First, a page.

Saturday, March 2, 2024

Golf club fitting gets scientific

Fitting golf clubs goes high-tech, raising golfers’ expectations and vendors’ revenue.

When the clubhouse at Lonnie Poole Golf Course at N.C. State University opened in 2014, the lower level included a 576-square-foot room with two hitting bays. It made for a nice indoor practice site for the Wolfpack golf teams and for golf lessons during rain, snow or other inclement conditions.

Today, there are computers with large monitors hanging on the walls. Racks of golf shafts missing club heads hang along with electronic gear. It’s all in the name of club fitting, the process of matching the latest golf balls, club heads, shafts, grips and putters to players wanting to update their golf equipment with a goal of improving scores.

In August 2012, Larry George, the club pro at River Landing Club in Wallace, fitted me for new clubs. He supplied a large cart of six-irons with various lays, lies, weights, grips and other golf club subtleties. I stroked about 100 balls off a hard piece of plastic, aiming at a target on the outdoor practice range. Larry made his recommendation — Ping i20 from driver through lob wedge — especially for me and my swing.

Since then, club fitting has really changed. Today’s complete, accurate club fitting involves electronic bells and whistles in a studio-like setting to start and then on a practice range, a golf course and a putting green where available.
Scientific equipment fitting has gained popularity for several years for those confident that expertly fitted equipment can cut strokes off one’s score. It is a huge driver of a nearly $2.9 billion annual golf club and golf ball market, according to the National Golf Foundation. The Sports & Fitness Industry Association says golf-related equipment revenue trails only camping and fishing as a recreational sport. “More money is spent on clubs and balls [annually] than on equipment for basketball, baseball and football combined,” reports the association.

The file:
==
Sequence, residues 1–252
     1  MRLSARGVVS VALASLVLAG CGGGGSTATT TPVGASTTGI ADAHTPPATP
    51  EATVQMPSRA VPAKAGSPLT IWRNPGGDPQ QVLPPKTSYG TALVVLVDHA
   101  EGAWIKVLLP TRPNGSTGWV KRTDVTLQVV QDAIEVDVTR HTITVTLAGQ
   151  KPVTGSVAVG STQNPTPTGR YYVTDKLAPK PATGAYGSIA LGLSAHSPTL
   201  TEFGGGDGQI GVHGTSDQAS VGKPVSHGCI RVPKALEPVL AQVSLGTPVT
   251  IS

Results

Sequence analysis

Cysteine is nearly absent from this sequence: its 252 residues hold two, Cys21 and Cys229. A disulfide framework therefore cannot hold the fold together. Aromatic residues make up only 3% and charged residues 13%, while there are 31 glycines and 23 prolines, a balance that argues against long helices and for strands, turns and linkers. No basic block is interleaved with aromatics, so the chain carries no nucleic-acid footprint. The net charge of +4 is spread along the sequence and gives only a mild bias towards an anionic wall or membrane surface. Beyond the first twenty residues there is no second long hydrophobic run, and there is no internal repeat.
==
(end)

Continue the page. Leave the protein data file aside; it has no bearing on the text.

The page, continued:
Over the past two years, Golf magazine has published an annual list of 25 Elite Fitters across the United States. “Not all golf clubs are created equal,” the magazine noted in 2019. “Neither are club fitters. The top players in the industry differentiate themselves through the savvy of their staff, the sophistication of their tools, the intimacy of their service and their liberty to optimize all aspects of your game without overly restrictive brand allegiance.”

Two of the 25 fitters cited by the magazine in both editions are at N.C. courses: True Spec Golf at Pine Needles Lodge & Golf Club in Southern Pines and Raleigh’s Lonnie Poole Golf Course. No other Tar Heel courses made the lists.

The Lonnie Poole staff has offered club repair, re-gripping, and shaft replacement since the clubhouse opened. But they added full-fledged club fitting when Daniel Spurling joined the staff in 2015, and it’s become a popular business. “With an increase in golf during the coronavirus, we’ve seen an increase in requests for club fitting,” General Manager Chip Watson says. A full-bag club fitting costs $350, covering irons, metal-woods, putters and balls.

“When we started club fitting, we had just one shaft supplier. We now have seven companies,” says Spurling, who is a PGA professional, Master Fitter, and the club’s player development coordinator. “We started with one successful club fitting, one happy customer who told friends of his experience. Our club fitting business grows by word of mouth.”

Several PGA tour professionals have stopped by the club to get second opinions, check how their current fitting aligns with equipment supplied by sponsors, and see if different specs would improve their game. “We just run them through the fitting exercise, discuss the differences in equipment and give them the data,” Spurling says.